HUNDREDS of confetti petals danced like butterflies in the space
beneath the dome of St Paul's Cathedral on Thursday evening of last
week, as members of the diocese of London made individual pledges
to build a more "confident, compassionate, and creative"
More than 1000 clergy and churchwardens filled the cathedral to
celebrate the launch of Capital Vision 2020, the diocese's
strategic plan for the next seven years. The Vision contains
commitments to create or renew 100 worshipping communities,
commission 100,000 ambassadors "representing Jesus Christ in daily
life", increase the number of ordinands by 50 per cent, and open up
church buildings to the wider community.
In his introduction to the service, the Bishop of London, the Rt
Revd Richard Chartres, said that, owing to press reports about the
Church, he was "constantly told" that "the state of empty pews and
dwindling numbers must send my heart downwards. How can we get the
message through that the reality is quite different?"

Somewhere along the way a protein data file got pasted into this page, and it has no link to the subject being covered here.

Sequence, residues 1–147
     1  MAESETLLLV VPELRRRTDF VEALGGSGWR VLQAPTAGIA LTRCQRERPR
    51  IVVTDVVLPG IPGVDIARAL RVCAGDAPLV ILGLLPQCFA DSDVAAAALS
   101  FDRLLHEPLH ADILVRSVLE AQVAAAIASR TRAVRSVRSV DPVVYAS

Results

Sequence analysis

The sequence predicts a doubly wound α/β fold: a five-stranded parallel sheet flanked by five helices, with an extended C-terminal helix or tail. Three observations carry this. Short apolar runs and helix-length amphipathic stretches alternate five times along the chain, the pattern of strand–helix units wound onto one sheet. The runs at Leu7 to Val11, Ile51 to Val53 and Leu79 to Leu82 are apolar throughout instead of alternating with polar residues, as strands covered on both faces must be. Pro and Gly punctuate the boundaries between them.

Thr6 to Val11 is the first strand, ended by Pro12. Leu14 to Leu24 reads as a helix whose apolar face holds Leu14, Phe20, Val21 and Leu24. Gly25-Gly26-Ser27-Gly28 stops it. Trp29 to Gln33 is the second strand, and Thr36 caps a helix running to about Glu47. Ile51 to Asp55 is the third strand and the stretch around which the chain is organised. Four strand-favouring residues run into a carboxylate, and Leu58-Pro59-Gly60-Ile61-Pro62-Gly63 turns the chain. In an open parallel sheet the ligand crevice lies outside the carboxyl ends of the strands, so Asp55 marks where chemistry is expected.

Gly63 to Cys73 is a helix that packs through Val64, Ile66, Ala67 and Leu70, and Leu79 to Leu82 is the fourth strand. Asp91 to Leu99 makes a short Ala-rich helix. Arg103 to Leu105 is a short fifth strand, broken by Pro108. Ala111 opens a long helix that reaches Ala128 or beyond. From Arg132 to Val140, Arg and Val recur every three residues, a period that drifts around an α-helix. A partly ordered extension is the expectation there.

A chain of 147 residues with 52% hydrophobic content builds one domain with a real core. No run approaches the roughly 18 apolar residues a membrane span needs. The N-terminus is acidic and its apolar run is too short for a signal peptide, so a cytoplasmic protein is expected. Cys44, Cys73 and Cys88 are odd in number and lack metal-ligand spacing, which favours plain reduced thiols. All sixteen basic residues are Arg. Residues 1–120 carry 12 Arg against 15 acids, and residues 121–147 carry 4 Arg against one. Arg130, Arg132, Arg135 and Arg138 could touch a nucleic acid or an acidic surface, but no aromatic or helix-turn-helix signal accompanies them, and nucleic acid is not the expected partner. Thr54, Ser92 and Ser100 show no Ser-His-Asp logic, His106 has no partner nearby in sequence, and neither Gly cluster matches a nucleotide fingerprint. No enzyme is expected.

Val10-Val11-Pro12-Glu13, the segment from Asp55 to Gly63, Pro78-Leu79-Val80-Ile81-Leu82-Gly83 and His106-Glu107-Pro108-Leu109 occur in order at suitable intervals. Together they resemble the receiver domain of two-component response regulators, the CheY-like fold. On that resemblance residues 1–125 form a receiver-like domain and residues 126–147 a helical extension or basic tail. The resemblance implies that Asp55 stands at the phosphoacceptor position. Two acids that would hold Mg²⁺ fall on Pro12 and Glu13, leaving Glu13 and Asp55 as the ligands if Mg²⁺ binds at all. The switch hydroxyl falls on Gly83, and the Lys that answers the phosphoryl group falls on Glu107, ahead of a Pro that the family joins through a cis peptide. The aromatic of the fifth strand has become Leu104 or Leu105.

He highlighted statistics to challenge the narrative of decline.
Electoral-roll membership in London has risen by 60 per cent in the
past 20 years, while giving by individuals to their churches has
risen by 50 per cent in the past decade. More than 53,000 children
are educated in church schools in the diocese, which produces more
than 40 newly ordained clergy every year.
The three tenets of the Vision - confidence, compassion, and
creativity - were illustrated by conversations with three members
of the diocese. A churchwarden at St John's, Hackney, Vastiana
Belfon, described how she had challenged the racial-equality
charity she works for to engage with Christians, after research
suggested that they were the group most likely not to "believe in
Darren Raymond, the creative director at Intermission Theatre, a
project of St Saviour's, Knightsbridge, spoke of his work with
young people at risk of offending (
Feature, 4 January). Ben Bell, of St Stephen's, Islington,
described how the charity Urban Hope is reaching out to young
At the end of the service, more than 800 churchwardens stood to